It is easy to be swept up in the excitement that your efforts have been rewarded and your foundling is going home. Most likely everything is in order. However, there are unscrupulous people that appear to be loving and concerned pet owners; but instead sell animals for research, as bait for fighting dogs, or as a breeder for puppy and kitten mills. Here are some tips to ensure that the person claiming the animal is legitimate.
1. Ask for identification. When someone calls in response to your postings, ask for the caller’s name and telephone number and tell him/her you will call back right away. If they will not give you this information – Beware!
2. Ask for a description of the animal. An owner should be able to give you details about the animal not mentioned in any of your ads or flyers.
3. If you are satisfied that this is the legitimate owner, arrange to meet at a neutral public location. Ask the owner to bring identifying materials along such as photographs of the animal, AKC papers, veterinary records, as well as their own ID. Most loving pet owners can easily provide this information and will be happy that you are taking such care with their pet.

Nobody has claimed your stray. What are your options?

Unfortunately, despite your best efforts, a stray’s owner sometimes cannot be found. In this event, you will have some decisions to make.
1. You could keep the animal as a permanent part of your family. Often the stray bonds with its rescuer and integrates nicely into its temporary home. Consult your local animal care agency though, to make sure that you have satisfied state and/or local requirements so that you can claim ownership of the stray animal.
2. You could try to find a home for your rescued stray. There are several things you can do to ensure that you find a good permanent home for the dog or cat you found.
  • Talk to friends and neighbors who might be willing and able to give the animal the loving care and companionship it deserves. This is a great solution as it allows you to be able to follow up to ensure the animal’s well being.
  • Seek help from Animal Rescues, Shelters, and Humane Societies. Check to see if they have room to take in your stray. Ask them for their guidance and help in placing your foundling in a new permanent home. Even if they are not willing to take them in, perhaps they would agree to post him as an adoptable pet along with their rescued pets on www.Pets911.com.
  • You can take your stray to an animal shelter. Most shelters and animal control agencies have limitations due to the sad fact that there are more dogs and cats than available homes. Shelters also often suffer from space limitations and funding limitations. This means that they cannot accept every animal that is brought to them and sometimes animals are euthanized to make room for new arrivals. “No Kill” shelters often do not have room and will only be able to take an animal due to a dire emergency. To be certain that you understand what most likely will happen to the animal; ask questions about the shelter’s policies. Ask about the size of cages and runs, adoption screenings, and the circumstances that allow animals to be euthanized.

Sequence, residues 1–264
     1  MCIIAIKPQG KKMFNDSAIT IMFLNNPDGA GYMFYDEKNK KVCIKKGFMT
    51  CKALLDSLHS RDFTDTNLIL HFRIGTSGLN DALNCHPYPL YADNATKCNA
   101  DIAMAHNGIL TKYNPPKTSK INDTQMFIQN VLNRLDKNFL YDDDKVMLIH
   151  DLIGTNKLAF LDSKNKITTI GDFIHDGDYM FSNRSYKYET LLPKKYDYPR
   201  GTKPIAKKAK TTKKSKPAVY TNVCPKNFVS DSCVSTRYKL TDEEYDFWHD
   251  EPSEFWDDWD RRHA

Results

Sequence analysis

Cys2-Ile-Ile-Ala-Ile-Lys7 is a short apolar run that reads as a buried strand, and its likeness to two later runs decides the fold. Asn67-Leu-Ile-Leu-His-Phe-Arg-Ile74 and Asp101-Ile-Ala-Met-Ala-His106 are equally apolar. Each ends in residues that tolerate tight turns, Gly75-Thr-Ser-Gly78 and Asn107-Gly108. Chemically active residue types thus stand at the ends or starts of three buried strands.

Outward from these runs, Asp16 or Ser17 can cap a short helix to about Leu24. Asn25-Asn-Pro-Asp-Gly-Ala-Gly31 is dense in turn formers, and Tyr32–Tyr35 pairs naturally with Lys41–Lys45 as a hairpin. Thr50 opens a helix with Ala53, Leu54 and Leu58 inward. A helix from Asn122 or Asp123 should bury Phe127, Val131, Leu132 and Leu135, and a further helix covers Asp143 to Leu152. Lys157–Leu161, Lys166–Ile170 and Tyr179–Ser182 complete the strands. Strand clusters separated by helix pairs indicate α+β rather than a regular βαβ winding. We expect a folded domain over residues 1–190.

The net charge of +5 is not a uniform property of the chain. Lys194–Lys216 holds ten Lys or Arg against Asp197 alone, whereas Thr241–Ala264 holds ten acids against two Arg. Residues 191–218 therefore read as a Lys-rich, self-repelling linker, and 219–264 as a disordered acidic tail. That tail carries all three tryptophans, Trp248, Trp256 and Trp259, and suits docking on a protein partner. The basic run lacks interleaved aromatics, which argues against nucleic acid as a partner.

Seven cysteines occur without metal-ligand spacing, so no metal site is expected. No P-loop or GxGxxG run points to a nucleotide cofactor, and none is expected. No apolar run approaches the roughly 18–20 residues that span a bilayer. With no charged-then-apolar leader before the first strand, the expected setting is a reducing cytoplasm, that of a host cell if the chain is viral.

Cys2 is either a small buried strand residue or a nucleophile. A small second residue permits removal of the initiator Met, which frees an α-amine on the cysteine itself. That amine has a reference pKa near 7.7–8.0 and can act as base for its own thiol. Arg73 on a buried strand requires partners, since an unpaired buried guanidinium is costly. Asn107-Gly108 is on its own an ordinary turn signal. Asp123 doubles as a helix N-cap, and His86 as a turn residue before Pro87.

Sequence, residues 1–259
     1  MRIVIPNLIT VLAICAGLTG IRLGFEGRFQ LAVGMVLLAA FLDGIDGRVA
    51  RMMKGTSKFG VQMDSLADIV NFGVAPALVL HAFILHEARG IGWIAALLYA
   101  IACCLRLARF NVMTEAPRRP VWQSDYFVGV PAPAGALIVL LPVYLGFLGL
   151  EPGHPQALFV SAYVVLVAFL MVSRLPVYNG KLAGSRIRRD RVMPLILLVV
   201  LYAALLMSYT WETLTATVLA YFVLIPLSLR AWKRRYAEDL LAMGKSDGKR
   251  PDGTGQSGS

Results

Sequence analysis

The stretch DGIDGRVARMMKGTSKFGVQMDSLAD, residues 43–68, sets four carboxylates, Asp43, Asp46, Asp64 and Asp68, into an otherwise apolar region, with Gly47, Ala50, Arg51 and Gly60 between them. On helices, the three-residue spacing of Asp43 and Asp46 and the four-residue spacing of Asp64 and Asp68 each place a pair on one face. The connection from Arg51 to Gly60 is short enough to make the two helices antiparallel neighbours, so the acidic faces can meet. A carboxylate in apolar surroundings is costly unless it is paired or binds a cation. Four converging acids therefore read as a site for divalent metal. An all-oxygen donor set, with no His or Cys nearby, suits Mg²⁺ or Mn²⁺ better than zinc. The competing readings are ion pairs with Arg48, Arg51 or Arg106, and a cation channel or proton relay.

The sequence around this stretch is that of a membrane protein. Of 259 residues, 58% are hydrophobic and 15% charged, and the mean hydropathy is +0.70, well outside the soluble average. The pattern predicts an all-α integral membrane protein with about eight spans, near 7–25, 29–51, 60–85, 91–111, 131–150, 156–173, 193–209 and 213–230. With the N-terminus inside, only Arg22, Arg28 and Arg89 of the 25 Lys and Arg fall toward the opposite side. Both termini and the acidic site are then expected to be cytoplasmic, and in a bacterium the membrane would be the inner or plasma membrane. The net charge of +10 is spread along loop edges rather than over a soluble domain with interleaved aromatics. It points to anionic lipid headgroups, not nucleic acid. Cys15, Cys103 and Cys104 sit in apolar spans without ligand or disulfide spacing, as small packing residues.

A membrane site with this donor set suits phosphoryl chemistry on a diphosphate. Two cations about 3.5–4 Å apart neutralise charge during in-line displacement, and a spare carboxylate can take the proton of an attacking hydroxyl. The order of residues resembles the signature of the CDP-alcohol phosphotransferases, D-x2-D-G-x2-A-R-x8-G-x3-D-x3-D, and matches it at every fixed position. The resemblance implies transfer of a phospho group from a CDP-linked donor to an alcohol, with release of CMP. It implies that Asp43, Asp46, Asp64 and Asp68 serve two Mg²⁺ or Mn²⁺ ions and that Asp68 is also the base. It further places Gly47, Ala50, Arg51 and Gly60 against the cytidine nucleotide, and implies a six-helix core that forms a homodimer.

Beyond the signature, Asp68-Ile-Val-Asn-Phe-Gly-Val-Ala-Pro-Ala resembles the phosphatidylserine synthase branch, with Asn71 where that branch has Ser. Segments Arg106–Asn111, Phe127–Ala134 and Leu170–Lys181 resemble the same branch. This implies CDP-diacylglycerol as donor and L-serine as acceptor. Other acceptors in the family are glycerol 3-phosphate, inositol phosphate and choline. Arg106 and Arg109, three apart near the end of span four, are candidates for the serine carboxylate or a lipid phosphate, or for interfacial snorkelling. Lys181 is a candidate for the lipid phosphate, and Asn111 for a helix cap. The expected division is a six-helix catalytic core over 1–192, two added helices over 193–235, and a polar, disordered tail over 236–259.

• Run ads, place flyers at veterinary offices, grocery stores, etc. Ask a local rescue or shelter to allow you to use one of their adoption applications to help you to screen a potential adopter. Be sure to also ask lots of questions including: Have they had pets in the past? If so, where are the pets now? Who is/will be their veterinarian? Are they willing and able to cover veterinary care and unforeseen medical expenses? Get all of their contact information including name, address, and telephone number. Get personal references and check them. Get promises that the animal will be allowed to live inside the home. Ask for a fee of at minimum $25.00. If a person balks at paying this fee, it is a sign that they would not pay for needed care for the animal. There should also be a provision in the agreement, allowing you to come and visit the animal three or four weeks after placement.

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Davie, FL 33024